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Enabling the success of academic health science centres in Australia: where is the leadership?

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To the Editor: In a recent perspective in the Journal, Theile and colleagues called for national leadership in the creation of academic health science centres (AHSCs) through partnerships and collaborations that better link Australian universities, research institutes and health services.1 The mission of one of the most influential AHSCs in the world, the Mayo Clinic, is to “provide the best care to every patient every day through integrated clinical practice, education and research”.2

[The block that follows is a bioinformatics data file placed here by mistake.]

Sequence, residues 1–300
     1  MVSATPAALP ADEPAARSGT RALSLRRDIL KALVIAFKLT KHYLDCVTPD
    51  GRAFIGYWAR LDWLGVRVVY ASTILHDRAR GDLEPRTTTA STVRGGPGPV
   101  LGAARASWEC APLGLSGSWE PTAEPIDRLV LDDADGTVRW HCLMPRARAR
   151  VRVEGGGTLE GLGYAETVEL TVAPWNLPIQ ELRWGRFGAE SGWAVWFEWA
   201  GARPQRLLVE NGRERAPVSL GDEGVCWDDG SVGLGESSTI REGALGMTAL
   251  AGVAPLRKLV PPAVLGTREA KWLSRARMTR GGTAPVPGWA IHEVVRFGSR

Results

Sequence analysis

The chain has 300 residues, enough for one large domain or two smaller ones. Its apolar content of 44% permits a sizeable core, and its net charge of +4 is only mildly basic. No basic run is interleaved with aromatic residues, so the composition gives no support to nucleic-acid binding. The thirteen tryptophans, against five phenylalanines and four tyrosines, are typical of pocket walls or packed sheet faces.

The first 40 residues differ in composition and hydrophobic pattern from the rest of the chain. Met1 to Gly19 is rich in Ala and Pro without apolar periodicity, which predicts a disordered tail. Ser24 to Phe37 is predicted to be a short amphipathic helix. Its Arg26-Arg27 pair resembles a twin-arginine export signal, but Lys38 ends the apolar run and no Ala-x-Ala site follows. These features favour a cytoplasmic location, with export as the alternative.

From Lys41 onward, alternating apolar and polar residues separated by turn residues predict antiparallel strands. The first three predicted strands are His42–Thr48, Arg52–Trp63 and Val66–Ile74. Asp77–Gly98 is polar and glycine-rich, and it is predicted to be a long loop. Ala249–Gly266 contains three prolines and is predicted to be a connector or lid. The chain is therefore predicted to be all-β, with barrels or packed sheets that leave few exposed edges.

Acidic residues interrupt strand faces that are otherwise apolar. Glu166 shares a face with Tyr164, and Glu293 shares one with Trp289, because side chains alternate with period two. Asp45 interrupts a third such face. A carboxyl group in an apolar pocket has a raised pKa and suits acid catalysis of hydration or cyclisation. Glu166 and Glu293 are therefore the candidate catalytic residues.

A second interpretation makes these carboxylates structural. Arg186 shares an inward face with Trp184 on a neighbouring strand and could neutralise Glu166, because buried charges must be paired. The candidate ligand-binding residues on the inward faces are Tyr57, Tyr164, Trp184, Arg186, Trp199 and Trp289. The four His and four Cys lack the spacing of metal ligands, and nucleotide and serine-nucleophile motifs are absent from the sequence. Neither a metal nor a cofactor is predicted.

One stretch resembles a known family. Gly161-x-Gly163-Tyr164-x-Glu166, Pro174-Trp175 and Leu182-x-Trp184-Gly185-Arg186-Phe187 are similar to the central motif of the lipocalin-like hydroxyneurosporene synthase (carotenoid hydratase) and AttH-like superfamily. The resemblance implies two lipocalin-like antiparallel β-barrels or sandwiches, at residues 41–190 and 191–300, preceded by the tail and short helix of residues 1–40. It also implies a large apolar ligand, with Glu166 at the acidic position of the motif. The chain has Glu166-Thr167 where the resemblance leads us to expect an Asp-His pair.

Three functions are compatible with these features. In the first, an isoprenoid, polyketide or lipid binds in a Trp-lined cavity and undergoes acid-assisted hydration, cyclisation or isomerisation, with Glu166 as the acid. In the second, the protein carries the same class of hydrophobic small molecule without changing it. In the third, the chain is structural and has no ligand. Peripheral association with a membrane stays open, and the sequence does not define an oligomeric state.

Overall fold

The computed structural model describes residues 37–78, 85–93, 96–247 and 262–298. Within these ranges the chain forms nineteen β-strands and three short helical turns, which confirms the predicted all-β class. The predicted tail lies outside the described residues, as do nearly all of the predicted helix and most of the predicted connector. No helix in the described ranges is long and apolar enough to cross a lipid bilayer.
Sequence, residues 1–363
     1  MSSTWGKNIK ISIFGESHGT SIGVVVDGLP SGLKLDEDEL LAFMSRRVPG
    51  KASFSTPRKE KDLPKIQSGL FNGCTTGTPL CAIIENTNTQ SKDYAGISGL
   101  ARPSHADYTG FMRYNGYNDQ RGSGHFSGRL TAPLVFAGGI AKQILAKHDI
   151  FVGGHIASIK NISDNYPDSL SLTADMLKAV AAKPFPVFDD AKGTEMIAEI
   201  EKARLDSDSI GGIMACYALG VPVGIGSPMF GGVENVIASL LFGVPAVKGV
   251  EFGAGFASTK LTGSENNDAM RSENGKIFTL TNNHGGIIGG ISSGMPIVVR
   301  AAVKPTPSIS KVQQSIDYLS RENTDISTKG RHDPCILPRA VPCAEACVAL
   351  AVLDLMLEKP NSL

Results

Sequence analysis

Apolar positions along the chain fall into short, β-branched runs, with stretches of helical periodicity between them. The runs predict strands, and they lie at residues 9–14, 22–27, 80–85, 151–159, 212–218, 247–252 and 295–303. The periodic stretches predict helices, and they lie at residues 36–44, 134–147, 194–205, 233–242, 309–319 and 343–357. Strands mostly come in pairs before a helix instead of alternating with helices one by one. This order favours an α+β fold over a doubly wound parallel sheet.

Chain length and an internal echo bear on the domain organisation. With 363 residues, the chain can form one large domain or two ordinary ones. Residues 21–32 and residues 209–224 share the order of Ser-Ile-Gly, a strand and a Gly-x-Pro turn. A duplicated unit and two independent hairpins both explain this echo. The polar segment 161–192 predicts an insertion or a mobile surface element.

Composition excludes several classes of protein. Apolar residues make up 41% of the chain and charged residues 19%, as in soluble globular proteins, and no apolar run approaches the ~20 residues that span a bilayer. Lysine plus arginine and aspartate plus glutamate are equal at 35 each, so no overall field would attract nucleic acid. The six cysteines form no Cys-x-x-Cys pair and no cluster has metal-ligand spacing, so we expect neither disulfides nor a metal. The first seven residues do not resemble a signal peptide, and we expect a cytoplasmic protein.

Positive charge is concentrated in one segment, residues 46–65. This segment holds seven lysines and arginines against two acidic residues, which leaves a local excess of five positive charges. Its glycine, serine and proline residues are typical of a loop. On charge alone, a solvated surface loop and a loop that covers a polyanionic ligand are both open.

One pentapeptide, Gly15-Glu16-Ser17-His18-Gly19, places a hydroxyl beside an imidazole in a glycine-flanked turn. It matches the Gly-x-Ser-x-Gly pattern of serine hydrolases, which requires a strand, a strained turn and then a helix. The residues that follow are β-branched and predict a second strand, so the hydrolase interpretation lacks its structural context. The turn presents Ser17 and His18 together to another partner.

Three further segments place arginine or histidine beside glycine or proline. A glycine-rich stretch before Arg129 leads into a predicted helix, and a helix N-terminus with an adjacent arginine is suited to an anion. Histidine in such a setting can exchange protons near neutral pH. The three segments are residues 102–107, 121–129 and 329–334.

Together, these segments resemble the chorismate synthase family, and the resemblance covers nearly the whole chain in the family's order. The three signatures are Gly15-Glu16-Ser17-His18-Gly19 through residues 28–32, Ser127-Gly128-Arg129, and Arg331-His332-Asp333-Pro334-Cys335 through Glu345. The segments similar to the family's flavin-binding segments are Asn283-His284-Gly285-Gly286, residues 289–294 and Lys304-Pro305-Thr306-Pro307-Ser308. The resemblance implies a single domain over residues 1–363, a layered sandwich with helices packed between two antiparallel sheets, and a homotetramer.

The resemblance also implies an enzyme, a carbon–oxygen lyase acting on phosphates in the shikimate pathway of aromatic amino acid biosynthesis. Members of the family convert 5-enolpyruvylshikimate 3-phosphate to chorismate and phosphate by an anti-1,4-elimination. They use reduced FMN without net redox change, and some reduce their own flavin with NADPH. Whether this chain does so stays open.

In Australia, it may be increasingly difficult for AHSCs to reach this ultimate goal as we are losing the clinical academics who integrate the tripartite mission of research, teaching and improving patient care within the public health system. In the United States, clinical academics still lead the best performing AHSCs as chief executives and department heads.3 Here, recruitment in academic medicine is declining,4 the clinical research workforce is ageing,5 and senior academics and mentors are retiring. This loss of clinical academic leadership will be to the detriment of patient care in Australia’s health system.

At times of budgetary restraint, clinical research can be viewed as a non-essential expense by the health system. During periods of…

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